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Americans, by political affiliation, are deeply divided on what they think Congress should do to the health care reform law, according to a new poll.
Twenty-six percent of individuals responding to a Kaiser Family Foundation survey, which was released Thursday, and who identified themselves as Republicans said the Affordable Care Act should be repealed and not replaced, while 34% said the ACA should be repealed and replaced by a Republican-sponsored alternative.
In addition, 21% of GOP respondents said lawmakers should build on the ACA to improve the affordability and access to care and 9% back universal coverage through a single-payer government program.
By contrast, just 8% of Democratic respondents back repealing the ACA, while a majority — 54% — say Congress should work to improve the health care reform law and 33% support a single-payer health care system.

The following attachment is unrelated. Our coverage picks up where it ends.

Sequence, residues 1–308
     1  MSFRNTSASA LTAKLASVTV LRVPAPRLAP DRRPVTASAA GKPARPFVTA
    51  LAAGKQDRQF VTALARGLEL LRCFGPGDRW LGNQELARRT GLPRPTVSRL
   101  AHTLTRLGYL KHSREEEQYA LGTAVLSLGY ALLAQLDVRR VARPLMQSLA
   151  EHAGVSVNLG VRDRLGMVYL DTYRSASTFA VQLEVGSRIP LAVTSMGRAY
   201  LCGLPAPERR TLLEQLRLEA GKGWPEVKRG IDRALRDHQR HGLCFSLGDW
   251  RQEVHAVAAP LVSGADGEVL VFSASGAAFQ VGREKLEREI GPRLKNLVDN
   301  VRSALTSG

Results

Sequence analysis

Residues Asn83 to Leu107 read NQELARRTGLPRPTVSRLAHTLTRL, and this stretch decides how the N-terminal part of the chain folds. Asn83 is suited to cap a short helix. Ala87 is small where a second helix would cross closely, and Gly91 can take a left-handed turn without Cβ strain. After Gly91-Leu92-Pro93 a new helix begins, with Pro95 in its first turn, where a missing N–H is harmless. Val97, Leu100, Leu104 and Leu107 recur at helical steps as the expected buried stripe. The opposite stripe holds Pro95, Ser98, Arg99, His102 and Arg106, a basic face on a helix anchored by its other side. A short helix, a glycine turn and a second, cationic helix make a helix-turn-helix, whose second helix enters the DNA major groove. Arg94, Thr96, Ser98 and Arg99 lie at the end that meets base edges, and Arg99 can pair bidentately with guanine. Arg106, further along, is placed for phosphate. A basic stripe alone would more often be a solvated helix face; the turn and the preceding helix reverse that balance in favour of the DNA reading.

Respondents, based on their political affiliation, also are divided whether it is time to shift focus away from the health care reform law and move on to other issues.
For example, 59% of Democratic respondents said the country should focus more on other issues, and 38% said it is important for the country to continue the debate over the health care reform law.
On the other hand, fewer Republican respondents — 40% — said the country's focus should shift away from the ACA, while 58% said it is important to continue the debate over the health care reform law.
The telephone survey of 1,202 individuals was conducted between Feb. 10-18.
A health care reform law-created program that imposes a fee on self-funded employers and other health plan sponsors is expected to generate roughly enough revenue to partially reimburse insurers covering those with high health care costs in the individual market, federal regulators say.